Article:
Notes on the Change of the Causal Species of Cucurbit... U.S.

Notes on the Change of the Causal Species of Cucurbit Powdery Mildew in the
James D. McCreight
U.S. Department of Agriculture, Agricultural Research Service, 1636 E. Alisal St., Salinas,
California 93905 U.S.A.
Beginning with the first report of powdery
mildew (PM) on melon in Imperial Valley in
1925 (Jagger, 1926) through 1967, the
causal organism of powdery mildew on
melon and other cucurbit species in the U.S.
was generally regarded as Erisyphe
cichoracearum (Ec). Walker (1952)
identified both Ec and Sphaerotheca humuli
var. fuliginea, which is synonymous with
Sphaerotheca fuliginea (Sf) (Braun, 1995),
as causal organisms of PM, but stated that
Ec “is the prevalent pathogen in the United
States and apparently the most common
generally.” Moreover, the cleistothecial
stage of Ec had been observed on cucumber
in the U.S. (Randall and Menzies, 1956). In
1968, while Sf was named as the cause of
PM without mention of Ec in a semi-popular
article on control of PM on cucumber and
squash (Paulus et al., 1968), two reports on
genetic resistance to PM referred only to Ec
(Harwood and Markarian, 1968a; Harwood
and Markarian, 1968b). Two subsequent
peer-reviewed reports on chemical control
of PM on cucurbits referred only to Sf as the
causal organism of PM (Paulus et al., 1972;
Paulus et al., 1969). Two abstracts from U.S.
researchers referred to Sf as the causal
organism on cucumber, melon and
Cucurbita spp. without specifying criteria
for the identification of the pathogen
(Sowell and Clark, 1971; Sowell and Corley,
1969). Shanmugasundaram et al. (1971)
recognized both species as causal agents of
PM in the introduction of their report of a
genetic resistance to PM in cucumber, but
they did not clearly state the criteria used to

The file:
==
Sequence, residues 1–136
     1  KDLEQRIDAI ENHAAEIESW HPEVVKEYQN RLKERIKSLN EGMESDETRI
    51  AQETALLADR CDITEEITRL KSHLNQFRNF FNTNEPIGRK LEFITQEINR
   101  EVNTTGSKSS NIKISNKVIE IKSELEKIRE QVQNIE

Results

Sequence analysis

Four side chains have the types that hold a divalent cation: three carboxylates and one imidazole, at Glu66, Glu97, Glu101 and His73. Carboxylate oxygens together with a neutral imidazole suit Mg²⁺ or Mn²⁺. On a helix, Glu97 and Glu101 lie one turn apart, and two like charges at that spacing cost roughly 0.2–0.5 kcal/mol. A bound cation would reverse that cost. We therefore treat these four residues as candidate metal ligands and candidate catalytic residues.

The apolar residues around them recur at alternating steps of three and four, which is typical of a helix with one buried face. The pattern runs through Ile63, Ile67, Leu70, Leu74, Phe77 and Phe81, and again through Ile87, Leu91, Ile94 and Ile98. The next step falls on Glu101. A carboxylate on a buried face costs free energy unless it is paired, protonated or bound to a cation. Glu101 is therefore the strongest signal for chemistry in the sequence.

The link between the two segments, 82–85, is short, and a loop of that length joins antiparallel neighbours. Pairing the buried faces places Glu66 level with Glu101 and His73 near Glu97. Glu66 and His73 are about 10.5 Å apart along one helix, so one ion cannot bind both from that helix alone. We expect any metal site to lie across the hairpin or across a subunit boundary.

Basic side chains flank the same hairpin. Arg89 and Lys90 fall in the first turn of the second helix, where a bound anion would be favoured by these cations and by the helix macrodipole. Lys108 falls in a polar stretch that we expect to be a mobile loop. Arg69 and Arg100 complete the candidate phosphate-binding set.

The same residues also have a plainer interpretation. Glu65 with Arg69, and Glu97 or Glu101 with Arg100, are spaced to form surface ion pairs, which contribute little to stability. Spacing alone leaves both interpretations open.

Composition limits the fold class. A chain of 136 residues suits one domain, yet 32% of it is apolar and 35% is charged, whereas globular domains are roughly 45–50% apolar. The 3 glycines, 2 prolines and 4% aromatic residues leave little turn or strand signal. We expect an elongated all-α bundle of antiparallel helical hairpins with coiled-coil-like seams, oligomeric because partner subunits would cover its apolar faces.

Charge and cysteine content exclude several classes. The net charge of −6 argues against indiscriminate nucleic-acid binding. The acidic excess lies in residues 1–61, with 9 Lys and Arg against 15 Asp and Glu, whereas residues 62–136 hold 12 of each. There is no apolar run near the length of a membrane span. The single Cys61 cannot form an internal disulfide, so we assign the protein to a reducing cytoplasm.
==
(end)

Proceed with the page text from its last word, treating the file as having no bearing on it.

identify Sf as the pathogen in their research.
In a review on breeding cucurbits for disease
resistance, Sitterly (1973) referred only to
Ec as the cause of PM. In the first
comprehensive review of the described
genes of cucurbits, Robinson et al. (1976)
referred only to Sf as the causal organism of
PM on cucumber, melon, watermelon and
Cucurbita. In 1978, Thomas stated that Sf
was “…a production-limiting factor
throughout all cantaloup-growing areas of
the United States.” There was an abrupt
change in the identity of the causal organism
of PM on cucurbits, melons in particular,
across the U.S. without any apparent
scientific documentation. The change from
Ec to Sf should not be confused with the
nomenclatural changes for these two species
(Jahn et al., 2002).
Pertinent literature on this problem first
appeared in 1937. Homma (1937)
distinguished the fibrosin bodies in Ec and
Sf and their utility in distinguishing the two
species. Hirata (1955) found differences in
the germ tubes of Ec (single, inconspicuous
appressoria) and Sf (some are forked) useful
to distinguish the two species. Zaracovitis
(1965) was also examining conidial
characters for distinguishing powdery
mildew fungi.
In 1961, G.W. Bohn and T.W. Whitaker
reported a new host of cucurbit mildew, and
after a concise review of the literature
available to them concluded “The fungus
reported here is considered to be a conidial
clone of an unknown species of the
Erysiphaceae since it has not been observed
to produce perithecia.” Moreover, they cited
the conflicting host-range reports in the
literature, the presence of two biological
races in southern California (Jagger et al.,
1938), strains with different temperature
requirements (Yarwood et al., 1954),
absence of heterothallism on cucurbits in the
U.S., and wide host range as reasons for
Cucurbit Genetics Cooperative Report 27:8-23 (2004)
research to determine the “…true identity or
identities…” of the causal organism(s) of
PM of cucurbits (Bohn and Whitaker, 1961).
Ballantyne reviewed the PM situation in
Australia including the observations of
fibrosin bodies in all specimens from
cucurbits in New South Wales, Queensland
and western Australia. She cited the
statement by Weiss (1960) of the lack of any
report of Sf from the U.S., and the 1961
report by Bohn and Whitaker. She noted that
the reported reactions of various melon
cultigens to PM in the U.S. were similar to
those observed in Australia, and concluded